My corner of twitter seems to be dominated by the internal Labour party debate between supporters of Corbyn and Starmer. I agree fully with @sturdyAlex that it is not a productive use of anyone's time.

Here though are 2 things Labour party supporters *should* be doing. 1/7
1. They should be striving to understand *why* a large % of voters (in Hartlepool and elsewhere) are still supporting Boris Johnson's government, and *what* might make them change their vote. 2/7
2. They should be thinking not only about vote shares, but also about vote distribution, and how they can *win* elections. If Johnson's vote is at c 35-45%, and is 'sticky', how can he be beaten? 3/7
There will, of course, be disagreements on these questions. But it seems clear that a lot depends on building a narrative not about Labour, but about the Govt, and how it is failing people. (And on that, the various strands of Labour can, hopefully, agree.) 4/7
The rest involves building credibility, and fashioning a message that has sufficiently broad appeal (both to Labour's 'base' and to Tory voters who become disillusioned with Johnson's Govt). 5/7
That is more difficult terrain, and one can expect disagreement. But, at this stage, detail doesn't matter. There just needs to be a coherent narrative about what Labour stands for - (perhaps) equality, community, diversity and internationalism. 6/7
My worry is that the debate is too much about personalities, and too much about specific issues on which there are real differences.

I don't think that the Tories can believe their luck. 7/7

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More from @syrpis

20 Apr
So... the European Super League.

Three thoughts from a football fan:
a) It has been coming;
b) but, the proposal is incoherent; and
c) the Govt's position is... interesting

a) We reap what we sow. Football, at the top level, has long been governed by the relentless search for profit. Links with fans and communities have progressively been weakened. Stories like the @AFCWimbledon story are few and far between. 2/10
The big clubs are owned by millionaires, who want to maximise their profits. They want financial security, and hate risk/jeopardy.

Failing to qualify for the Champions League, or at a different level, relegation from the Premier League, spells financial disaster. 3/10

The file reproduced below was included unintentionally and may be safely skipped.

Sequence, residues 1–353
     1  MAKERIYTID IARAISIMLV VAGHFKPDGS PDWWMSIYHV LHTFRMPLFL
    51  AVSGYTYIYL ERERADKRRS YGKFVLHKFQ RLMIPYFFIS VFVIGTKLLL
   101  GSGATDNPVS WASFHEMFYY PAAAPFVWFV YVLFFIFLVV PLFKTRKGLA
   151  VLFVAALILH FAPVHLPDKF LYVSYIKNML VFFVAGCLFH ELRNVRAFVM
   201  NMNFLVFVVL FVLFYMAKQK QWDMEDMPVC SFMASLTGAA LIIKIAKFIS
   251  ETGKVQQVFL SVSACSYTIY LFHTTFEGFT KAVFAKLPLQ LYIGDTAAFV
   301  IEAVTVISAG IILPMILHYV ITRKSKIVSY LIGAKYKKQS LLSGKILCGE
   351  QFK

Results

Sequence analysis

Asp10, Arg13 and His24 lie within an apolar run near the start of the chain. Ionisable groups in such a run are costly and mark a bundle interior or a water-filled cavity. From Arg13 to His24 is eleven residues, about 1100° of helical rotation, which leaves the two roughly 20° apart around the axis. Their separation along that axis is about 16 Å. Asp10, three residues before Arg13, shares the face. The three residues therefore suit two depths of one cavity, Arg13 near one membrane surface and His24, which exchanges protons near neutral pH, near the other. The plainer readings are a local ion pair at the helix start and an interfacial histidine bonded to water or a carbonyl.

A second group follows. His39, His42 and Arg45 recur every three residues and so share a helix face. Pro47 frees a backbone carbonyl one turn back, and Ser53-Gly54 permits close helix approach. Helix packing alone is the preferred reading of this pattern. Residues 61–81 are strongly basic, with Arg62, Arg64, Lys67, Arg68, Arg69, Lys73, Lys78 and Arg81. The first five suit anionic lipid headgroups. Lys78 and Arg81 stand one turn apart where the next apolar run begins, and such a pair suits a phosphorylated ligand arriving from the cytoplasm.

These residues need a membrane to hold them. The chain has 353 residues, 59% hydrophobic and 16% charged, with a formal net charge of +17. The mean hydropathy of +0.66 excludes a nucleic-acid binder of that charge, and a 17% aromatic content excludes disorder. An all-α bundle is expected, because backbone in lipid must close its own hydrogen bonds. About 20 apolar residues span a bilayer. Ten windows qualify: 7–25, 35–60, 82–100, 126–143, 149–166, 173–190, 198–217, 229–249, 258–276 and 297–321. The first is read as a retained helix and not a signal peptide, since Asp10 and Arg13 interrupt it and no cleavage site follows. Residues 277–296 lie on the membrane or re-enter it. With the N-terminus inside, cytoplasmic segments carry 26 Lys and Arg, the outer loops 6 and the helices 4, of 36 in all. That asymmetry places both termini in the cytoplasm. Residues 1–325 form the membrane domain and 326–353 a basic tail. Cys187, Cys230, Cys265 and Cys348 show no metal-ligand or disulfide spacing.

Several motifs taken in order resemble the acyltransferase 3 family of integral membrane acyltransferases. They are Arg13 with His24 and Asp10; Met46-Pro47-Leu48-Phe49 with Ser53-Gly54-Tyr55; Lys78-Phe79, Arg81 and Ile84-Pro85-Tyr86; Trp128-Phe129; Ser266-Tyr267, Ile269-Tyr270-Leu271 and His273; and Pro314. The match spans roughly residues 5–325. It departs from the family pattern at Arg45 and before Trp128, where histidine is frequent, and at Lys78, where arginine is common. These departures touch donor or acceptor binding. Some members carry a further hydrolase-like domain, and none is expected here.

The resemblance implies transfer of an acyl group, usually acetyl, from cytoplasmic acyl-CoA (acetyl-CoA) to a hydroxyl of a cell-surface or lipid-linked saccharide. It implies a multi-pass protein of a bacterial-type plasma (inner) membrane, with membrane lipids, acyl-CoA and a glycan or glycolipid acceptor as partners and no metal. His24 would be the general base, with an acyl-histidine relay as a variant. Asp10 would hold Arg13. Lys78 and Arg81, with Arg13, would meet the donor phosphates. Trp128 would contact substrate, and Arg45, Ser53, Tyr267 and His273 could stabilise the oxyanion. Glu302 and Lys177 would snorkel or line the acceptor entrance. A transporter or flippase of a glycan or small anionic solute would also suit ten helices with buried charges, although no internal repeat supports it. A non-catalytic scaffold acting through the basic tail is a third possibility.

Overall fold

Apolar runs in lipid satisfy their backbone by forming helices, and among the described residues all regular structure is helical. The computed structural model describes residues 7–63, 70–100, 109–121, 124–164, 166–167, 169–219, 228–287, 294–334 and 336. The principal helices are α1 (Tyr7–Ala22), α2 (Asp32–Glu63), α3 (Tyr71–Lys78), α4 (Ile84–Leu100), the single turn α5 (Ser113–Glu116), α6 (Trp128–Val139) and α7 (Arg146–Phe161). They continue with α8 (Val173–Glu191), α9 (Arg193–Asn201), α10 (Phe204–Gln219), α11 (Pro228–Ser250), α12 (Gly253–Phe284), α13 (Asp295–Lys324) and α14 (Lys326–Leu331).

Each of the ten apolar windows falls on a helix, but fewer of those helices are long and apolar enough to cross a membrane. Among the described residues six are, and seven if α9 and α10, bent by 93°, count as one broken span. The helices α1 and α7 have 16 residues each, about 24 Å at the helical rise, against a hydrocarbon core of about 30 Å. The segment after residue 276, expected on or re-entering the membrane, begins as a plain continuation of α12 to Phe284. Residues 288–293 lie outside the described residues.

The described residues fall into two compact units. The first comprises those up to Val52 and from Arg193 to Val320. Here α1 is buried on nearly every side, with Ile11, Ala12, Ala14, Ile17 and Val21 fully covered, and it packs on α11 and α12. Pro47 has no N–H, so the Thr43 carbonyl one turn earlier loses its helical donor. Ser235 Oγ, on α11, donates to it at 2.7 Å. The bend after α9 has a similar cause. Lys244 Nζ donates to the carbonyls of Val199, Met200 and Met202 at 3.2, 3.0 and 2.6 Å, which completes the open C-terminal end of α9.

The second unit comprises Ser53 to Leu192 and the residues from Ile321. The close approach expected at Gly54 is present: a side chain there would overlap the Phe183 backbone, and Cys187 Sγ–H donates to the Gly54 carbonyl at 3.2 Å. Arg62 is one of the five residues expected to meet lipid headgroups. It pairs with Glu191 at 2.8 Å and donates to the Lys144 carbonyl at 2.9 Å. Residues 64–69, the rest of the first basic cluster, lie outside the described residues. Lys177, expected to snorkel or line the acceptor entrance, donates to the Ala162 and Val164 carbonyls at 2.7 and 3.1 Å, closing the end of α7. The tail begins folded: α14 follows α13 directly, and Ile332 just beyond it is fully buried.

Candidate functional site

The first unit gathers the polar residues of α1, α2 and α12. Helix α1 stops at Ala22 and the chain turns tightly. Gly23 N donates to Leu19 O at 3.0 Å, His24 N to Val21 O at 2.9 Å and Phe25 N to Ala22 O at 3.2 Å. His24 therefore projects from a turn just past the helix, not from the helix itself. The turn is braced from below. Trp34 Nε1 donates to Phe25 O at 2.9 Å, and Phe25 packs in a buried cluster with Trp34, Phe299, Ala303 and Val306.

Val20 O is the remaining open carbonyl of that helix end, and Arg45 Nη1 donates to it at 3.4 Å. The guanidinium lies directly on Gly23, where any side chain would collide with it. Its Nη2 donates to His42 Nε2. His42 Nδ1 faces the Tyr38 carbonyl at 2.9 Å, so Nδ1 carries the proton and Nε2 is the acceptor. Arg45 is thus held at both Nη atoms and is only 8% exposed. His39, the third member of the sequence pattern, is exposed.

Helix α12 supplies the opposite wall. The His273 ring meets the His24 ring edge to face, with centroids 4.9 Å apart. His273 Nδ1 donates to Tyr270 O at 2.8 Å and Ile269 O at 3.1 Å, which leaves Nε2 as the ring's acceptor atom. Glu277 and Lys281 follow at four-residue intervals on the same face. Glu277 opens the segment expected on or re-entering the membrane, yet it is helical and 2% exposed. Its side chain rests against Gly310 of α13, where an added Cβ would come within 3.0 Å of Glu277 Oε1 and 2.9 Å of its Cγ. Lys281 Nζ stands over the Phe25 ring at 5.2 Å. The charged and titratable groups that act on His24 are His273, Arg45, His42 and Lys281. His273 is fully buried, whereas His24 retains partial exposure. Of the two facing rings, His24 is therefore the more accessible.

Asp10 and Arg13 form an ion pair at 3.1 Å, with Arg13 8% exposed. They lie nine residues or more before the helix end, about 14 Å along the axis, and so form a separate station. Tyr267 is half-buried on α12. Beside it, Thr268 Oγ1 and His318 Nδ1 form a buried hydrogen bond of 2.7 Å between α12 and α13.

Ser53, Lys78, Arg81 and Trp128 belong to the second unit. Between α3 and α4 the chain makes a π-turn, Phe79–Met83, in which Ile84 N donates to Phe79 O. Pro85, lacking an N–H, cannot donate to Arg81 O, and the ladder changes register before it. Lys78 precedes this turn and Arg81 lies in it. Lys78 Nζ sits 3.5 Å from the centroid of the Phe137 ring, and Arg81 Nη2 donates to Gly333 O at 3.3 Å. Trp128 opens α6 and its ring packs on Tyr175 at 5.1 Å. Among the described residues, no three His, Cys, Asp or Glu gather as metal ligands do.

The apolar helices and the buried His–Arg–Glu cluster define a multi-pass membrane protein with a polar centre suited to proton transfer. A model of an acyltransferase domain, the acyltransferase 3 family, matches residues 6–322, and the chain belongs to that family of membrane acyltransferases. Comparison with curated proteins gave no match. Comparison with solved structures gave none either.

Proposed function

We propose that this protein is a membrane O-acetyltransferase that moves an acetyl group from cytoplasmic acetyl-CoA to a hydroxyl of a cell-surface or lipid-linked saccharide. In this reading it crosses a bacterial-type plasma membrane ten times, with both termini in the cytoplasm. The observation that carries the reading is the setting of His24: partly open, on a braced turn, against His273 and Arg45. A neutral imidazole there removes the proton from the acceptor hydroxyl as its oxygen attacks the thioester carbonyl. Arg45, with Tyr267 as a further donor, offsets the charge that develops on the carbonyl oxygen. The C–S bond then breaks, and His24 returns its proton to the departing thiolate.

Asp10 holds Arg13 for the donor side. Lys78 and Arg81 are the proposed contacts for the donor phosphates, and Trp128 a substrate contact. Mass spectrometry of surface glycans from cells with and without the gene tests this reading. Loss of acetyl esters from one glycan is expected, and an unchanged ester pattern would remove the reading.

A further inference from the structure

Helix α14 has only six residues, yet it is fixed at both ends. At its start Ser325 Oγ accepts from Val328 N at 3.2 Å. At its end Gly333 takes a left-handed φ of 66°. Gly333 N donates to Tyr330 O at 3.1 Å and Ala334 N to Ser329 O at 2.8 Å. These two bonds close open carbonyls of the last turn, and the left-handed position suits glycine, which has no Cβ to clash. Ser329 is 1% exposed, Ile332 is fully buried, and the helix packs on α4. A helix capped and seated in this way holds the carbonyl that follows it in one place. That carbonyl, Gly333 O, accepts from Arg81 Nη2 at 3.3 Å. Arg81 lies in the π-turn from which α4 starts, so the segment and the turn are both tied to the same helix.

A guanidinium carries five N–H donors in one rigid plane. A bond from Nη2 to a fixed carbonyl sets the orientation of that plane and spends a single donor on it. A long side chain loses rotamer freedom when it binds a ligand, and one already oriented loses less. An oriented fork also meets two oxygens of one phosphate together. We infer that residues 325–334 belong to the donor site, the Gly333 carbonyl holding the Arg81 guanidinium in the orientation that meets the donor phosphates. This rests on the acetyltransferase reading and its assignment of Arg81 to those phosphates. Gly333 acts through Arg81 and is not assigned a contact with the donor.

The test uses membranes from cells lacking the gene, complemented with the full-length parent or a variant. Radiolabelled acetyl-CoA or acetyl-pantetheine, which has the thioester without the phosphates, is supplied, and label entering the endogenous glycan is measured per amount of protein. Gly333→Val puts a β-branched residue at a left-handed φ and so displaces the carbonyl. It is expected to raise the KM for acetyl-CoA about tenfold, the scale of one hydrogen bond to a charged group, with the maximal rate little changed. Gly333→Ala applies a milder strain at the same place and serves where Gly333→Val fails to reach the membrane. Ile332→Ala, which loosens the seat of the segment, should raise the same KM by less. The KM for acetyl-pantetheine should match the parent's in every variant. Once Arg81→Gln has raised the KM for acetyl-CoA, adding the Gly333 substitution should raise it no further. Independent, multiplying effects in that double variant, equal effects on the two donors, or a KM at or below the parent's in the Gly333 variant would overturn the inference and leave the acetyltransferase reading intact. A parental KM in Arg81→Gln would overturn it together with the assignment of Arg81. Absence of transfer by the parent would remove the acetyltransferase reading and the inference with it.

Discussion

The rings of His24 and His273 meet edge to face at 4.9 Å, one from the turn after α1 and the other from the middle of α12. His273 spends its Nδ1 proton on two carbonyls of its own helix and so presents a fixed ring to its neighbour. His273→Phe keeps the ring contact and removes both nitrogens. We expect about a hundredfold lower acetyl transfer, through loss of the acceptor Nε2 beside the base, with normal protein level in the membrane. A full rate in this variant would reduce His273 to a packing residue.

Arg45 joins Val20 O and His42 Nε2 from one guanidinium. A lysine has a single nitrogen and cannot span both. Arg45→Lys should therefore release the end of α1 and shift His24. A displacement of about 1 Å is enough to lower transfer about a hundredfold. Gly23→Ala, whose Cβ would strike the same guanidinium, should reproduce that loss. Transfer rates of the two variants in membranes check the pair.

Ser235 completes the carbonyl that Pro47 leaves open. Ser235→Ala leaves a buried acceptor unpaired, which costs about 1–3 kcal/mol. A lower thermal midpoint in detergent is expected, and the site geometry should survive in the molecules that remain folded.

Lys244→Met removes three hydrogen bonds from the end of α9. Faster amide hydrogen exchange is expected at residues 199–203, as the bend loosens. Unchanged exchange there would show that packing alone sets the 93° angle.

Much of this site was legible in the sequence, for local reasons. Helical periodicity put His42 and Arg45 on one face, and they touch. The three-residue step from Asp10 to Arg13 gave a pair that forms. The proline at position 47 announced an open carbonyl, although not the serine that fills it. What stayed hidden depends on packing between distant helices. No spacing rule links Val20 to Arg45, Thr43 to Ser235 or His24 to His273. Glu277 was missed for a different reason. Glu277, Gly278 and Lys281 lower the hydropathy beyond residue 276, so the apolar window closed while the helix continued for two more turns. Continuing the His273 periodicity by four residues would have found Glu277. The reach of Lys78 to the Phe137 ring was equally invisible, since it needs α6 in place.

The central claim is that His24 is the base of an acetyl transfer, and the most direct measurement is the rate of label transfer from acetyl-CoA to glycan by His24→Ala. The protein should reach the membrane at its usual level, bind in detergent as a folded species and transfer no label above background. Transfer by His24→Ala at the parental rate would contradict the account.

Read 10 tweets
18 Apr
I keep saying that if the opposition parties are going to make headway against the Tories, they have to work together.

The lobbying scandal provides a good challenge - one which they seem to be failing. Short thread. 1/7
Sleaze, cronyism and corruption are back. It isn't just Greensill - it is also PPE/NHS contracts, housing, the ministerial code etc etc.

It is part of an unprecedented, and very dangerous, attack on the constitution and public institutions. 2/7…
The Govt's defence is two-fold.

First, to have a pliant enquiry, and to feign that this issue is taken *very* seriously.

And, second, to seek to draw all politicians (and, better civil servants too) into the mire, and further reduce trust not in them, but in politics. 3/7
Read 7 tweets
12 Apr
There are a growing number of people, on various sides, saying that remainers are to blame for *this* Brexit, because they refused to back Theresa May's Brexit deal, which would have avoided many of the GB/NI border problems.

One thing in particular perplexes me. 1/3
The curious thing is that I have seen very few people seek to level a similar charge at the Govt.

It is, after all, they who made changes to Theresa May's deal, they who insisted that the UK leave the customs union, and they who agreed the NI Protocol. 2/3
It is they who do not have an answer to the Irish border trilemma. If, as they do, you insist on regulatory autonomy, there has to be a border between the EU and the UK - the only question is where to put it. 3/3
Read 4 tweets
9 Apr
Has anyone written anything about the financing of COVID testing?

I'm just reacting to the news stories about people having to pay for multiple tests if they go on holidays abroad. 1/4
We have had *a lot* of testing done so far - for going to school, for going to workplaces, if symptomatic, etc etc. All of that has been free (at least for those being tested). 2/4
So... my questions:
How does one distinguish between situations in which testing is free and not? Are we moving towards more paying for testing? What would the implications be of making all COVID testing free? 3/4
Read 4 tweets
8 Apr
Next question. What is @BrandonLewis going to say and do today? It strikes me that he has two options. 1/4
First, he could commit to the NI Protocol and explain the work that is ongoing, within the very limited confines of the TCA, to 'de-dramatise' the GB/NI border. Ideally he might even explain the Protocol, and the reasons why it was agreed. 2/4
Or second, he could respond to the real concerns of the Unionist community, and make promises, incompatible with the NI Protocol and the TCA, not to introduce 'unconstitutional' intrusions onto UK sovereignty. 3/4
Read 4 tweets
7 Apr
One more go at the Irish border 'trilemma' (see @rdanielkelemen's Venn diagram) and Brexit.

The implications of the latest developments are very stark. Thread.

While the UK and the EU were in the same regulatory space (single market and customs union) there was no need for significant border checks between the two. 2/
Then along came Brexit. Over the years since 2016, Brexiters' position has hardened. Sovereignty and regulatory freedom were prioritised. And so, solutions which would have 'solved' (or 'de-dramatised') the Irish border issue were rejected. 3/
Read 14 tweets

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